Luca Cartegni, Jinhua Wang, Zhengwei Zhu, Michael Q. Zhang and Adrian R. Krainer


- The presence of a high-score motif in a sequence does NOT necessarily identify that sequence as an exonic splicing enhancer in its native context. For example, a nearby silencer element may prevent the SR protein from binding.

- The default threshold values are based on statistical analysis and empirical data, but they are still somewhat arbitrary. Any refinements or updates will be incorporated as they become available.

- There is at best only a rough correlation between numerical scores and ESE activity of high-score motifs. For example, the maximum score is not necessarily the most effective ESE.

- The score values of ESEs corresponding to different SR proteins cannot be compared to each other.

- The program currently searches the ESE motifs corresponding to four SR proteins. There are several other SR proteins for which the ESE motifs have not yet been identified, at least by the strategy used here.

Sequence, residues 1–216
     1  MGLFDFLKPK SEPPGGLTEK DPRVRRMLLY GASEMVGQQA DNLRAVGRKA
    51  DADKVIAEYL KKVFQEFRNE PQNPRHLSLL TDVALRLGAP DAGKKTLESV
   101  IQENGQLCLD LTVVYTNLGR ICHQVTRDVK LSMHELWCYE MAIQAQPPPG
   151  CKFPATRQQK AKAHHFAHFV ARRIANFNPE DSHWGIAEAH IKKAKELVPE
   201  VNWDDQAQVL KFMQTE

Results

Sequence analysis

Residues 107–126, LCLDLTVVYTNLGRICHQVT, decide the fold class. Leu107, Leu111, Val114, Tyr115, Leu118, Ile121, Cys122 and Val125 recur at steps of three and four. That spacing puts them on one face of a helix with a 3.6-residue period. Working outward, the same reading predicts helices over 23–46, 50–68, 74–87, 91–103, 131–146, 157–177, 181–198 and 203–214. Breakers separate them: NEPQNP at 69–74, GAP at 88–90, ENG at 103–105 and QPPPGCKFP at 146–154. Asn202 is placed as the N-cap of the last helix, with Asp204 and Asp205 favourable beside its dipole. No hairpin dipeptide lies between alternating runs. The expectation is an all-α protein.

- The ESE motifs were identified using human SR proteins. Their relevance to other species depends on the extent of conservation of each SR protein.


Important notice:

To improve performance, the maximum length of a single search string is 5000 characters (one continuous sequence or the total of multiple sequences), regardless of the format used.

The query sequences can be directly pasted into the input box, or can be uploaded from a text file.

Multiple sequences can be analyzed simultaneously, provided that a FASTA-format descriptive line (beginning with ">") precedes them.

FASTA format :

A sequence in FASTA format begins with a single-line description, followed by lines of sequence data.
The description line is distinguished from the sequence data by a greater-than (">") symbol in the first column.

An example sequence in FASTA format is:

>your query

Even though ESEfinder is an RNA analysis tool, only standard DNA notation is accepted (A, C, G, and T, not U). The program will ignore any character other than A, C, G, and T, including spaces, paragraph brakes and so on.

In other words, the input can be sequence interspersed with numbers and/or spaces, such as the sequence portion of a GenBank/GenPept flatfile report:

1   gaattcactt tatttcagca ccagtcctct ccccttttcc ttcccaggat cttcactcaa
61  cttgaagatt tctgctttca taggagtttg tagtctgcac tgtaaccacc caatacatcg
121 acaggttaaa aaaagagagc tcttgctcag aaagagctag aaagactgta gagcctaagg
181 ggtttgtttt tacctccctc ctggaagcca atagcccttt tttttttttt cctgggaggt

Both upper and lower cases are accepted, but the output lines will be in upper case.

web site created and mantained by Luca Cartegni ( CGI-scripts implemented by Jinhua Wang (


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